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Best Dog Breeds for Runners

The 7 Best Dog Breeds for Runners

There is perhaps no better running partner in the world than a good dog. Few human partners will have the dedication and endurance of a four-legged companion, nor will they appreciate tagging along as much as a dog will.

But not all dogs make great running companions. English bulldogs, for example, are not built to take the kind of wear-and-tear that is sure to happen as you rack up the miles. Fortunately, several breeds are essentially born to run; pick one of these, and the only thing you’ll need to worry about is keeping up.

English bulldogs, for example, are not built to take the kind of wear-and-tear that is sure to happen as you rack up the miles. Fortunately, several breeds are essentially born to run; pick one of these, and the only thing you’ll need to worry about is keeping up.

Rhodesian Ridgebacks

Rhodesian Ridgeback

Developed to pursue lions on the hot African plains, there may be no dog better suited for running medium to long distances in warm weather.

Their short coats help to keep them from overheating and their floppy ears and long noses work somewhat like radiators and allow them to shed additional heat.

Border Collies

Border Collies

Border collies are incredibly intelligent and energetic dogs. In fact, running a couple of miles each day with your border collie may be necessary to keep him from getting into mischief.

Border collies love to run, and they can keep up with medium- and long-distance runners, as long as you increase the distances of your runs gradually.

Australian Cattle Dogs 

Australian Cattle Dog

Unsurprisingly, dogs bred to herd cattle through the Australian outback love to run. Australian cattle dogs are great dogs for long-distance runners, who need a dog that can run for mile after mile.

Additionally, Australian cattle dogs tolerate warm temperatures fairly well.

Labrador Retriever 

Labrador Retriever

Labrador Retrievers love to play and it is easy to convince them that running is fun. Most are robust enough to tolerate the high-impact nature of the activity, and they have the endurance to keep up for miles. Labradors can be prone to problematic behaviors if not exercised enough, so running will also help keep your lab well behaved. If you live in a hot climate, consider purchasing a golden lab, rather than a black or chocolate-colored one, which will heat up more quickly in the hot sun.

Labradors can be prone to problematic behaviors if not exercised enough, so running will also help keep your lab well behaved. If you live in a hot climate, consider purchasing a golden lab, rather than a black or chocolate-colored one, which will heat up more quickly in the hot sun.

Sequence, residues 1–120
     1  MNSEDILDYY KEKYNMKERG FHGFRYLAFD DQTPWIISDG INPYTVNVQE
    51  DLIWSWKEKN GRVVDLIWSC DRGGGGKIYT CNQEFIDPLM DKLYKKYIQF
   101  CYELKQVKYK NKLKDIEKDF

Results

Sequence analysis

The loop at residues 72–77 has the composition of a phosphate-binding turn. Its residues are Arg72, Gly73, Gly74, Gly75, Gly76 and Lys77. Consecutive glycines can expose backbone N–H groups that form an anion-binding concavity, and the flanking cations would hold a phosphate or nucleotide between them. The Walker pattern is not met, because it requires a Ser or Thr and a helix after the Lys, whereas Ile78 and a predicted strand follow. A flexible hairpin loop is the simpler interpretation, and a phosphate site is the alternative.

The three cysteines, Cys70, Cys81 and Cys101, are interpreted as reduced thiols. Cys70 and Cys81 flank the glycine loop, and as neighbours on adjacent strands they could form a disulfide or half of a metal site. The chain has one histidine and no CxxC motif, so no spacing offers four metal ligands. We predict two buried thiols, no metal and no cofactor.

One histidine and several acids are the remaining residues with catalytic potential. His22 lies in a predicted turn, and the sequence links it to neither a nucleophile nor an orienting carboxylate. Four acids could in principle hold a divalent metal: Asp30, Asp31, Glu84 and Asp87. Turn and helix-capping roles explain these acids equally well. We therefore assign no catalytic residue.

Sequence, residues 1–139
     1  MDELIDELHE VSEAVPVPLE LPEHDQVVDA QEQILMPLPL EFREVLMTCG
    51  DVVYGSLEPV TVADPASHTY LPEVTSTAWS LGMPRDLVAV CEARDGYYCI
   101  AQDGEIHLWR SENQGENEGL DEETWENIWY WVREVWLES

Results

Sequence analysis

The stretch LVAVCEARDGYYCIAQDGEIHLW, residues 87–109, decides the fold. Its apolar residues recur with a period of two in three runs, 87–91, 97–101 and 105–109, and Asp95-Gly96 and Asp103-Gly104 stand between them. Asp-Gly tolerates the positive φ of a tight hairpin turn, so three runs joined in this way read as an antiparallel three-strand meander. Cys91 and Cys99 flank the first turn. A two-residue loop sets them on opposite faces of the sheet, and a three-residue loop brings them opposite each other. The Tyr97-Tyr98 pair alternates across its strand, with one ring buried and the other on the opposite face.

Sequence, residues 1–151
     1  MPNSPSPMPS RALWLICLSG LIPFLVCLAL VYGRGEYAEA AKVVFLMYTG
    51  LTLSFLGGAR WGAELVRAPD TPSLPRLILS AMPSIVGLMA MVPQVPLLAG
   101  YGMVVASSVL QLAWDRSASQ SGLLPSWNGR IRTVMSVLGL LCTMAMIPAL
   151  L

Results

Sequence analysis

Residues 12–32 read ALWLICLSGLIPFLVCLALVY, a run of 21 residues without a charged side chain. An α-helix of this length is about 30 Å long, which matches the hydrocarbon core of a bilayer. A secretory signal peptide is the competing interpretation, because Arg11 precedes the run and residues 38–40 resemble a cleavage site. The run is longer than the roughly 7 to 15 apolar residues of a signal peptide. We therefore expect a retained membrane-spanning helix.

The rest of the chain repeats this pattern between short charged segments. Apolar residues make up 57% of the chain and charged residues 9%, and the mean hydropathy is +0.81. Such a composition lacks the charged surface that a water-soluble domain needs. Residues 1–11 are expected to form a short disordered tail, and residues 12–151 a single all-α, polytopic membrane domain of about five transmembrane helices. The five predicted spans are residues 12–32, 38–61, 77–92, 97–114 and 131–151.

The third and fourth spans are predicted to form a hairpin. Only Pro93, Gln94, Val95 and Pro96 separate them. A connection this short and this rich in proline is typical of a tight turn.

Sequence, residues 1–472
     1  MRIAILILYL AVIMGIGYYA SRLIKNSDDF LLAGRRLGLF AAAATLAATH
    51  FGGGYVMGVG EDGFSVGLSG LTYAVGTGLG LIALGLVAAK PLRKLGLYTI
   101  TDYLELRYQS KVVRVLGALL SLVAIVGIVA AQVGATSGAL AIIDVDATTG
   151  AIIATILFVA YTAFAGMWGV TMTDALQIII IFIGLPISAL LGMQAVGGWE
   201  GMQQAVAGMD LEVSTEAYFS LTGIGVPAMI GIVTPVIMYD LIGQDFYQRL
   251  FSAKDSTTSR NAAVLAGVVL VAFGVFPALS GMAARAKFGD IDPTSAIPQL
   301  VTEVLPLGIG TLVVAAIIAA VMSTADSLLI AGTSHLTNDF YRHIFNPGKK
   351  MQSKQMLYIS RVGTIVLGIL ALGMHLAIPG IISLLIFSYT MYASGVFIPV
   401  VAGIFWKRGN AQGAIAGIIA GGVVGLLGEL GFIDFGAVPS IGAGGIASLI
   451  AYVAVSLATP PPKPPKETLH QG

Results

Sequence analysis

If you live in a hot climate, consider purchasing a golden lab, rather than a black or chocolate-colored one, which will heat up more quickly in the hot sun.

Dalmatians 

Dalmatian

Dalmatians are athletic dogs, whose infamous stamina has been honed through the ages – runners will rarely be willing to go as far as their Dalmatian is. Additionally, their tendency to stay very close to their owner makes them easy to keep out of mischief during outings.  

Jack Russell Terriers

Jack Russell Terrier

Despite their small stature and short legs, Jack Russel terriers love to run and have the energy to do so. Nevertheless, they are not suitable for serious runners who like to rack up the miles, they are better for casual joggers, whose runs are less than 3 miles long.

Huskies 

Husky

Huskies were bred to pull sleds and they need plenty of exercise each day, so they usually make great running partners. However, thanks to their thick, long coat, huskies are not the ideal breed for those living in hot climates.

On the flip side, your husky will be happy to go on runs in weather that would be too cold for many other breeds.

By selecting one of these breeds, you’re sure to enjoy miles and miles of running fun with your new partner.

Just be sure to have your new dog examined by a veterinarian before letting him accompany you during your daily run, slowly increase the duration of your runs over time and always keep an eye out for any signs of injury.

If you notice that your dog is limping or in discomfort, stop running and provide the necessary care for your dog.

The 7 Best Dog Breeds for Runners was last modified: July 9th, 2017 by John Whitewood
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John Whitewood

I'm John, and I'm a writer, researcher dog lover from Calgary. I currently own two dogs a 12 year old Schi-Tsu and a 8 year old Bernese Mountain Dog, and I'm fascinated by them.
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